To further investigate how H3K27 modification status links with individual gene expression, we integrated RNA-seq from the wild type, ΔMokmt6, and ΔMokmt6ΔMogcn5 with the ChIP-seq (Fig 4D). Genes were sorted in descending order based on wild type RNA-seq levels, combined into groups composed of 100 genes each, and the values for RNA-seq and ChIP-seq were summarized. A clear positive association between H3K27ac and gene expression can be observed, with genes in the highest expression groupings having the highest H3K27ac signal and decreasing as transcription decreases (rPearson = 0.67, p < 2.2e-16, Fig 4D). For H3K27me3, there is a non-linear relationship, with the line connecting each group average H3K27me3 signal remaining relatively flat until after approximately group 80, after which there is a clear positive association between increased H3K27me3 and decreased transcription (Fig 4D). This result is consistent with the observation that H3K27me3 is not present uniformly across the genome, but that where present it is associated with repressed transcription. This also shows that the genes with the greatest transcriptional increase in ΔMokmt6 are those after group 80, where there is clear divergence between the average group RNA-seq levels (Fig 4D, blue versus red circles). These same gene groups are also where the largest bulk redistribution of H3K27ac occur in ΔMokmt6 compared to wild type (Fig 4D, blue versus red diamonds). Indeed, plotting differential gene expression and fold-change for ChIP signal between wild type and ΔMokmt6 showed that gene groups having the largest transcriptional activation in ΔMokmt6 correspond to a concomitant decrease in H3K27me3 and increase in H3K27ac in ΔMokmt6 (Fig 4E). Collectively, these analyses integrate the transcriptional changes associated with dynamic modifications at H3K27 to detail this control mechanism in M. oryzae. The data show that histone modification dynamics at H3K27 provide relatively local (cis) transcriptional control.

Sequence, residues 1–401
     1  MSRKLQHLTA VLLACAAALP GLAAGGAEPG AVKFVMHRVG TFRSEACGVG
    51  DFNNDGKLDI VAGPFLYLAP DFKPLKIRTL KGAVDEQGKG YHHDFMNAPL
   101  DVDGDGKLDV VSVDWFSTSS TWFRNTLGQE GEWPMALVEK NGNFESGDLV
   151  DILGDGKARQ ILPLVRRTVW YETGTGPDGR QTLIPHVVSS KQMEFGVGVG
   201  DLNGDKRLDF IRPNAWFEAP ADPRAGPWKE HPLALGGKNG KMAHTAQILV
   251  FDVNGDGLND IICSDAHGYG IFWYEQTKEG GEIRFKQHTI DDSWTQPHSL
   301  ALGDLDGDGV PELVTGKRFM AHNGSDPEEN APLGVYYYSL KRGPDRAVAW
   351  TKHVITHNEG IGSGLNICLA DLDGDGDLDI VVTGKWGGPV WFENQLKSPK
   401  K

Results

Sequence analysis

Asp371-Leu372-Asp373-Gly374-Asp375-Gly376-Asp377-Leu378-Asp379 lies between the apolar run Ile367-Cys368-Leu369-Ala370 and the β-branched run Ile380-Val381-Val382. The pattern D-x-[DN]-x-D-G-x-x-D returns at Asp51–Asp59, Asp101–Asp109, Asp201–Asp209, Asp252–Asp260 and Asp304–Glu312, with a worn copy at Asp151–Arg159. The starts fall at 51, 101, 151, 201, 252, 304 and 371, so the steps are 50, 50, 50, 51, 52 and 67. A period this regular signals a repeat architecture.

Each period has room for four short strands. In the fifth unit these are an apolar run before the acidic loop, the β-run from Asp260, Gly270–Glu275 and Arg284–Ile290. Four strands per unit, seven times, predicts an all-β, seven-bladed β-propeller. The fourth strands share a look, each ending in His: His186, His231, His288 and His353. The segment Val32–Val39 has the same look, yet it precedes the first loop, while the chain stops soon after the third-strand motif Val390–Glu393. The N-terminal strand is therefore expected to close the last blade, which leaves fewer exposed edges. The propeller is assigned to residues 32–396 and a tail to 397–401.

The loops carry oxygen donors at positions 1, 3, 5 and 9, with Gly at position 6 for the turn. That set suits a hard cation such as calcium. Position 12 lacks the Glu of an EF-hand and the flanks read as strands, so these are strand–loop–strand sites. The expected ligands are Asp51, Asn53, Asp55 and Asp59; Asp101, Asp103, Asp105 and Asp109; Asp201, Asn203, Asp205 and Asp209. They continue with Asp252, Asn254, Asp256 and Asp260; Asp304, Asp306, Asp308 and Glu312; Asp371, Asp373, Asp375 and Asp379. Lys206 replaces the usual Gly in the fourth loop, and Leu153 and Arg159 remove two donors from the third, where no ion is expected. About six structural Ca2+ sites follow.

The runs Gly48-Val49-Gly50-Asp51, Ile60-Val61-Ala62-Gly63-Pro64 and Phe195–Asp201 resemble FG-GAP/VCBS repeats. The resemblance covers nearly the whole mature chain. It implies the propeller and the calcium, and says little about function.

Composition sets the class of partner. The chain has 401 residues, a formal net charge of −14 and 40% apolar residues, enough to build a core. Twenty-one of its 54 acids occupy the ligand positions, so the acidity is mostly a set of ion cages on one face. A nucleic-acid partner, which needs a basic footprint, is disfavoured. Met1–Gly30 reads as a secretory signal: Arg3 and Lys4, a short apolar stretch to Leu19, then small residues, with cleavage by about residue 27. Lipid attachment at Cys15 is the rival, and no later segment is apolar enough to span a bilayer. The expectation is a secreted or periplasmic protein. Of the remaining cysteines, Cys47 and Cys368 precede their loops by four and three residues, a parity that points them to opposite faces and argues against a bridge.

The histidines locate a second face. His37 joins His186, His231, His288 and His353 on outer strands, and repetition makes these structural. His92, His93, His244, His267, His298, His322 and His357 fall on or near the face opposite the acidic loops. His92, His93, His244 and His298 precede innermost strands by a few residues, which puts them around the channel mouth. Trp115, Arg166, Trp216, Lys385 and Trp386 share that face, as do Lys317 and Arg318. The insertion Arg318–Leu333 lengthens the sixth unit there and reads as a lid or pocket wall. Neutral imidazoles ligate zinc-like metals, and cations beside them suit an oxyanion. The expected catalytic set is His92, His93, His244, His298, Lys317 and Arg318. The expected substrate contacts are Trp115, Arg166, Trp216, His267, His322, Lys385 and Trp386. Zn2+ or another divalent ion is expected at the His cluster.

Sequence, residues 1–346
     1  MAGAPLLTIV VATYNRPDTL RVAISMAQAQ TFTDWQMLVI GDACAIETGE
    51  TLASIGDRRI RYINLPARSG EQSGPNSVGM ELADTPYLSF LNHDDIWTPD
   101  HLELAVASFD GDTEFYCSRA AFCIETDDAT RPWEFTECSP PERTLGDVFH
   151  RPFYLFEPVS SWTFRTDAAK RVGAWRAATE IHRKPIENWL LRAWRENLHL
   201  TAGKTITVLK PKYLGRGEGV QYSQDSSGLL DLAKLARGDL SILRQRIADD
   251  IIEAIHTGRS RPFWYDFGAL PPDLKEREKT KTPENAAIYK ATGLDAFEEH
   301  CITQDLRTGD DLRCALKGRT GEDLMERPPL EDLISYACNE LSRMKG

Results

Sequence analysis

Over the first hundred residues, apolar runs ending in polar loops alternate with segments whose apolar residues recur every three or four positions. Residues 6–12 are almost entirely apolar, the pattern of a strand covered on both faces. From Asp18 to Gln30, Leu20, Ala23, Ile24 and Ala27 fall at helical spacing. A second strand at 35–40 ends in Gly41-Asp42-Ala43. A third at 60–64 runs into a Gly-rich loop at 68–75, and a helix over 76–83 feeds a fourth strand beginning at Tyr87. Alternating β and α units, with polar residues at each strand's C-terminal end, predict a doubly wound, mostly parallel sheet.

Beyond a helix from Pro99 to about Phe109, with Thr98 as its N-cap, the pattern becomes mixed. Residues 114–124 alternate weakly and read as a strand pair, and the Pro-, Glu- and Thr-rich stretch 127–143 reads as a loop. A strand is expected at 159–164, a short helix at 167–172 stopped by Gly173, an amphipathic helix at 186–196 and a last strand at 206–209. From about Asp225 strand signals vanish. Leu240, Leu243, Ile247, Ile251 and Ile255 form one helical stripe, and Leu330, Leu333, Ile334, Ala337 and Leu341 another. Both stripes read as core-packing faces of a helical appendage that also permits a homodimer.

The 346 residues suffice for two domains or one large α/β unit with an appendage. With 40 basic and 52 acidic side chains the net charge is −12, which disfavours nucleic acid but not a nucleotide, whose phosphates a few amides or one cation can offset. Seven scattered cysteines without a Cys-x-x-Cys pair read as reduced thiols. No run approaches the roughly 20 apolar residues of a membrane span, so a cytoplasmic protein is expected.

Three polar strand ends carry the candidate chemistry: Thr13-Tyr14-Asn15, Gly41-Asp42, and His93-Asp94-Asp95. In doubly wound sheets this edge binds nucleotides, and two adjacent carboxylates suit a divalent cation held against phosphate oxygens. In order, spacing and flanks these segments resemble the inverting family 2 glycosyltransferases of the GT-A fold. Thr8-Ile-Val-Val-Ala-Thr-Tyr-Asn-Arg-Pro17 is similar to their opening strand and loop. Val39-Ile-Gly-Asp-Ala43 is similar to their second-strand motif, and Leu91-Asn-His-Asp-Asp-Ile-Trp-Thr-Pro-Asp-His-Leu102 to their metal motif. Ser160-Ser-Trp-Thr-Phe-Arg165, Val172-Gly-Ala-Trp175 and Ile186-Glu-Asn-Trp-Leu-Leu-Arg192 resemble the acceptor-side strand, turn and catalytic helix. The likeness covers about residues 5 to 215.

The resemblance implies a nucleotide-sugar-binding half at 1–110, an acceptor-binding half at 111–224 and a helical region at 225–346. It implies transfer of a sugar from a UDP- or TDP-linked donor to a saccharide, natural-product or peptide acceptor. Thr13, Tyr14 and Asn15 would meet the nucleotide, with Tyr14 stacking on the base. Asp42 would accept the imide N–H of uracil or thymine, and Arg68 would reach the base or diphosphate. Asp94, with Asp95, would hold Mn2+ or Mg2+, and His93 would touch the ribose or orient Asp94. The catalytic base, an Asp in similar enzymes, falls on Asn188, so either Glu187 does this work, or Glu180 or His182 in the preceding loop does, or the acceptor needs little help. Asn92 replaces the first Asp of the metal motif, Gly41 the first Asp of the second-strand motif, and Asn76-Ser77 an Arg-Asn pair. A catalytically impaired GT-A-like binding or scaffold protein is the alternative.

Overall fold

H3K27me3 suppresses in planta induced genes during in vitro growth